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Amazon Music Unlimited Price Going Up for Prime Subscribers

Prime subscribers will now save a dollar a month by choosing Amazon's premium streaming service over a competitor like Spotify.

Amazon Prime users are about to feel a less-noticeable discount for their music streaming needs. The ubiquitous digital giant has announced it will increase the cost of its all-you-can-eat Amazon Music Unlimited streaming service to $8.99 for Prime subscribers, up a buck from $7.99 per month.

For those paying a one-and-done annual rate for AMU, the discounted price for Primers is also going up, from $79 to $89 per year. And the price of its single-device plan for Prime subscribers — where you can only stream from one gadget, like an Echo — is changing from $3.99 to $4.99 per month.


Announced in an new FAQ, the updated pricing goes into effect on May 5.

The price increase narrows the financial benefit that Prime subscribers had by choosing AMU over competitors like Spotify and Apple Music, which cost $9.99 per month for their premium tiers. Non-Prime subscribers who want AMU, which boasts of having 75 million tracks in lossless HD quality but with millions more in Ultra HD and a growing stable of spatial audio offerings, also pay the industry standard price of $9.99.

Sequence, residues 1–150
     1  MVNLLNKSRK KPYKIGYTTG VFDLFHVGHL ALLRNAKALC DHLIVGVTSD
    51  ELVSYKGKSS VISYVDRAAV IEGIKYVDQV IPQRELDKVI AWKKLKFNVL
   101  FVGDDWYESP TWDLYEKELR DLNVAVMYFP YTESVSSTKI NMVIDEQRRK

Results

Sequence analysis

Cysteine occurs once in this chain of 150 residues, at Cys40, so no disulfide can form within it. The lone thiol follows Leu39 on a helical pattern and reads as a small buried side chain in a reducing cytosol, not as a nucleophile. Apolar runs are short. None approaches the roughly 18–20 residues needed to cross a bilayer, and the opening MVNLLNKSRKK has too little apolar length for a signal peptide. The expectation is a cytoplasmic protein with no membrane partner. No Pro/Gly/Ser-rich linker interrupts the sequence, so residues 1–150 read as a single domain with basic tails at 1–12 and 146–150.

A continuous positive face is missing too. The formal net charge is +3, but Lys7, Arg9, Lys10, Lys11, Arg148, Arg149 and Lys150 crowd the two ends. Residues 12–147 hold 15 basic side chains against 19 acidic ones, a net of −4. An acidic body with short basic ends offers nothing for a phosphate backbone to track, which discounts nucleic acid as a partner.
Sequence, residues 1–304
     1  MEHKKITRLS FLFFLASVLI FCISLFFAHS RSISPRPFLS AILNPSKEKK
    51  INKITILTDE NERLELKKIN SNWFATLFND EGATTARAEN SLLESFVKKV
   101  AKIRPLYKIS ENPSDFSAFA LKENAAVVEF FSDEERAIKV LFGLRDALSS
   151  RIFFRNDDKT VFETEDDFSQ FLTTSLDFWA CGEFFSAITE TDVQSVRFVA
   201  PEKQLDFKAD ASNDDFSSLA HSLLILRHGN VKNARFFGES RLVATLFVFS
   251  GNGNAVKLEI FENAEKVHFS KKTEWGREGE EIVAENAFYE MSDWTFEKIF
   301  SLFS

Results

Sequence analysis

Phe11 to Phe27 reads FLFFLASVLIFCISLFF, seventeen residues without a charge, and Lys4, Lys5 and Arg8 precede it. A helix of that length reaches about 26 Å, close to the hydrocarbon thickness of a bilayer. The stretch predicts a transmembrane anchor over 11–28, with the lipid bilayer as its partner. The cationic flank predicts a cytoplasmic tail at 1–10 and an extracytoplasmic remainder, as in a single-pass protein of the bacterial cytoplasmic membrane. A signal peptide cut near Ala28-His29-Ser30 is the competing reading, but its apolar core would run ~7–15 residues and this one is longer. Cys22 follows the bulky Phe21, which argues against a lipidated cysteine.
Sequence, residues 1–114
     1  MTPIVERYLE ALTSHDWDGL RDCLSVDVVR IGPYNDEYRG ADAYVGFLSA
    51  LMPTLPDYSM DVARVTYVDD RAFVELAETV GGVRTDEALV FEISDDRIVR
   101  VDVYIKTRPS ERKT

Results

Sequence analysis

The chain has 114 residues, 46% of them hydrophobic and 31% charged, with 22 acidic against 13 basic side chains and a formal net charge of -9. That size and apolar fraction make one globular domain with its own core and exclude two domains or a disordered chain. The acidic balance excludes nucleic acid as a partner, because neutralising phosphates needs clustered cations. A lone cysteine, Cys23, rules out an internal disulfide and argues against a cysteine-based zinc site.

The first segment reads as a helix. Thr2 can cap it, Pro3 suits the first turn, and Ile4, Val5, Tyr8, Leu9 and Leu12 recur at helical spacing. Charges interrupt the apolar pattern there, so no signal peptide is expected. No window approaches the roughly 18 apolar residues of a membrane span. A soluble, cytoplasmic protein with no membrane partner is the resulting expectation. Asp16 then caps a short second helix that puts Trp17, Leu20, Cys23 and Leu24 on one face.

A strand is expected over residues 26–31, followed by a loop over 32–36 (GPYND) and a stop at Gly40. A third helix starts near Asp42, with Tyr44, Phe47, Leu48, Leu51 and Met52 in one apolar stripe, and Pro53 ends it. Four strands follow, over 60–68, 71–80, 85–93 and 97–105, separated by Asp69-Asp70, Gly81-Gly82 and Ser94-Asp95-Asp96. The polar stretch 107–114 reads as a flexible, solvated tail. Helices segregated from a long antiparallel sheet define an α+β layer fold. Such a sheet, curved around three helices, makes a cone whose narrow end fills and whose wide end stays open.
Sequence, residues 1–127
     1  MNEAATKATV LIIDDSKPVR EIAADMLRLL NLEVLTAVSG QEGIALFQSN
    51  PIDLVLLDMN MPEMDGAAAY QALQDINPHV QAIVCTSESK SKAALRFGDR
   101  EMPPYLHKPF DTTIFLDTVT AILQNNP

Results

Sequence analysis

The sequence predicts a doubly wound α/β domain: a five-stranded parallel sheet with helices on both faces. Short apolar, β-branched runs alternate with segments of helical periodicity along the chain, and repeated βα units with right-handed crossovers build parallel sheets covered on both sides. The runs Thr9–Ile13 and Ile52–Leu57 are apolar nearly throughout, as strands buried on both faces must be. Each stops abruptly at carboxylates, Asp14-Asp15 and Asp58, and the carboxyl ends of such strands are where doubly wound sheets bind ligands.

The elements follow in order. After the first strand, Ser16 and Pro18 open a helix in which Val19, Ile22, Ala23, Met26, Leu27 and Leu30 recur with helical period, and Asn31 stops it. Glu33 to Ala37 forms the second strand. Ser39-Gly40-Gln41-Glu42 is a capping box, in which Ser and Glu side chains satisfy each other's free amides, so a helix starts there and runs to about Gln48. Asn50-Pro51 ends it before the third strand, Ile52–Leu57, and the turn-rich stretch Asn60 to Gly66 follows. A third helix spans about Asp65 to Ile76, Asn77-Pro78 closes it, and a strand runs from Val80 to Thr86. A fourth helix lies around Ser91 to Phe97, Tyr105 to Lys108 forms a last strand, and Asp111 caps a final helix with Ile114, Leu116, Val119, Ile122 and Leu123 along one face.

A family plan available to only Prime subscribers appears unchanged at $14.99/month or $149/year.

On March 25, the price of an Amazon Prime subscription went up from $119 to $139 per year. So, beginning May 5 a person wanting a standard Prime subscription plus a year of Amazon Music Unlimited will be spending $228 per year if they go the lump sum route. A month ago that bundle would have cost a music-loving Prime devotee $198 per year.

A Prime subscription includes a mini-version of AMU, called Amazon Music Prime, which has a catalog of about 2 million songs.

Amazon doesn’t break out numbers for AMU, its true Spotify competitor, and the last time it disclosed how many subscribers it had across its many tiers — Music Prime, AMU, its single device plan and others — was early 2020 when it put the figure at “more than 55 million.”